Saturday, September 17, 2011

the GREs

I took the GREs today (Graduate Record Exams, basically the SATs for grad school). It was sort of an entertaining practice run: I was going to apply for an MS program in computer science, but then discovered that I can take as many graduate classes at Stanford as I like, and up to 18 of those credits (at 3 credits/class) can transfer to a master's program whenever I feel like applying and making the commitment. Good things about this:
  1. If you're actually enrolled, you have 5 years to complete the master's. That's just barely possible at one course per quarter (the most I could manage while working); accumulating 6 quarters' worth of credits before enrolling makes that 5 years a lot more feasible.
  2. Good grades in actual Stanford graduate classes will weigh much more heavily on a Stanford application than the GREs or anything else.
The GREs were paid for, and I haven't really had time or inclination to really feel prepared, so I figured I should just take them anyway, as a baseline experience. Remember, these are the new GREs, as they just revised the test and deployed the new version in August.

I'm glad I studied what little bit I did, because they are sneaky bastards, those test authors. It's not hard in the usual sense. Just...sneaky.

It's a computerized test, which is actually pretty cool. I imagine I tanked the Analytical Writing section, because I thought it was 30 minutes for both writing questions, and it turned out it was 30 minutes each, so my first answer is probably unacceptably short.

The Verbal stuff seemed pretty easy (shocking!). The Quantitative was harder, but I found that I kept flashing on the answers as I went through, especially as time started to run out. I'm sure it helped that I was taking them as a dry run, with nothing actually at stake. I felt like eventually I was getting a bit into the swing of how those problems are constructed, although for many of them I definitely did not resolve them the elegant way. (One guess which is faster and more reliable: me staring and trying to figure out the clever shortcut, or me typing 5 different things into the on-screen calculator to see which one matches my answer.)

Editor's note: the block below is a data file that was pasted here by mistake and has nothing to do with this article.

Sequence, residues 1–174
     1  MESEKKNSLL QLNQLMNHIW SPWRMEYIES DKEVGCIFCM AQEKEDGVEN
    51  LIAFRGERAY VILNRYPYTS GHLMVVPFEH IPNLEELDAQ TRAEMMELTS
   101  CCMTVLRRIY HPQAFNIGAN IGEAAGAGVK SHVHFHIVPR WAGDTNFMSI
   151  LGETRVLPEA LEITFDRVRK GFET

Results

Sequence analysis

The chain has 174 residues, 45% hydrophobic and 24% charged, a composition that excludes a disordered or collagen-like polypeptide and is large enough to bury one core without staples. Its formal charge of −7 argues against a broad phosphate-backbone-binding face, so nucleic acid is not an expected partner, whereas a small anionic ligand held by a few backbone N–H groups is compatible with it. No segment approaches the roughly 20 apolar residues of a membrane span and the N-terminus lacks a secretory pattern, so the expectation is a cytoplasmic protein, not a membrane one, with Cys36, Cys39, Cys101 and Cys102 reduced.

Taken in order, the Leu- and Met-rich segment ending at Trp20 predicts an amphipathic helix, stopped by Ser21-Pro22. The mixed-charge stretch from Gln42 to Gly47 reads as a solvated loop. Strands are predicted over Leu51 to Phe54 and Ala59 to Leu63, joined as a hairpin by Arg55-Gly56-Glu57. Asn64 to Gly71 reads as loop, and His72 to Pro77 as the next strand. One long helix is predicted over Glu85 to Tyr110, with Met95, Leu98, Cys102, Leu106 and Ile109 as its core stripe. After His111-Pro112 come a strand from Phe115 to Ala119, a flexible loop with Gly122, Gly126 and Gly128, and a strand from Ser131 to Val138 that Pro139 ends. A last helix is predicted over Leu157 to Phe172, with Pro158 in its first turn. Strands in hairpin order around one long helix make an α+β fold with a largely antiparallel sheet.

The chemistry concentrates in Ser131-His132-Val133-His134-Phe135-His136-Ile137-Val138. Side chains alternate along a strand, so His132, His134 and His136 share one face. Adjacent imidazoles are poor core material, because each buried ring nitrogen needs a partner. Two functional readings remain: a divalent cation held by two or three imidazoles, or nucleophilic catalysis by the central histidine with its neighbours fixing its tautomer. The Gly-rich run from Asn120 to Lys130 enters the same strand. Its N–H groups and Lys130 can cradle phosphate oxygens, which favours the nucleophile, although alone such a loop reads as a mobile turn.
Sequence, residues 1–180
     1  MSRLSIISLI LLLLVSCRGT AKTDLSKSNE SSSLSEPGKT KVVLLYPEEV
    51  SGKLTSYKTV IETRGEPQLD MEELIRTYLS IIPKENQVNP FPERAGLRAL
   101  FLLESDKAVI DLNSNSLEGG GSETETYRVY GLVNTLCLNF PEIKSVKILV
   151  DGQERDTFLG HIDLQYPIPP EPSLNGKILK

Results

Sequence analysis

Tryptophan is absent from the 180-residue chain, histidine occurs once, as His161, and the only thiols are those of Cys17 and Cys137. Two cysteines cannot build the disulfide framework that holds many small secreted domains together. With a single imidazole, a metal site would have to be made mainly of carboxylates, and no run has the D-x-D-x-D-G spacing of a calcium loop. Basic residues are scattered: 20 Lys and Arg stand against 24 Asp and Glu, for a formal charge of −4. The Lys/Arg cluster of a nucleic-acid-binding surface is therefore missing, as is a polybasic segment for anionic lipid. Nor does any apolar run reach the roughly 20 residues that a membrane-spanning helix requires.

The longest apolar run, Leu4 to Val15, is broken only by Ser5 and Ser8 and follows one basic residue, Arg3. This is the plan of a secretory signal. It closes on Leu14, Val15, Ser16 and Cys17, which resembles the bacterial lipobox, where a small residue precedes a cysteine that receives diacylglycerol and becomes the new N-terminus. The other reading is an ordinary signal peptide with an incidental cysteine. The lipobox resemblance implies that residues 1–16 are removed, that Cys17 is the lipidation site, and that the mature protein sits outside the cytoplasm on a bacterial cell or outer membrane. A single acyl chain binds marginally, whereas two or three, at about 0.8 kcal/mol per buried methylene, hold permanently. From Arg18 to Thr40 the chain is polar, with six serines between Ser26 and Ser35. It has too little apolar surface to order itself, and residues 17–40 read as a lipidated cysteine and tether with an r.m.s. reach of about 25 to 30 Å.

For the Quantitative and Verbal sections, they give you your score at the end. Unfortunately, the scores for the new revision won't be available until November-ish, so they just give you an estimate of how you would have scored on the old test. Memory is hazy on which was which, but it said "720-800" for (I think) the Verbal, and "750-800" for the Quantitative. Doesn't seem too shabby on an 800 scale, and for not studying.

How's that look for a grad school application? The Stanford CS department says:
While there is no minimum requirement for GRE scores, a strong application would include percentiles in the high 90s for the Ph.D. program and scores in the 90th percentile for the MS program.
Okay, so what are the percentiles? Wikipedia's chart agrees with this test prep site:

Scaled scoreVerbal Reasoning %Quantitative Reasoning %

Holy crap! 800 on the Quantitative, a perfect score, is only 94th percentile. That means that 6% of everyone who took the old GRE got a perfect score. 94th percentile for Verbal is all the way down at 660.

No wonder they revised it: that right there is a test that is very seriously out of balance.

(A corollary is that any range they gave me for Quantitative is pretty meaningless, being a range that starts at 84th percentile. Imagine if, on a standard American grade scale, your teacher said "You got somewhere between a B and an A+": no shit, Sherlock, I knew that when I walked out of the exam. The Verbal range, by comparison, says that I would have gotten a 98th percentile and up.)

At any rate, I'm glad I took them. While tricky, they weren't as scary as they might have been, and I still have some of my gift for standardized testing. I have no idea what my actual scores might be, and I'm looking forward to finding out.

[EDIT: If you're curious, it's now adaptive by section rather than by question, so you can jump around and skip questions and go back within each Verbal and Quantitative section, which wasn't possible before.]

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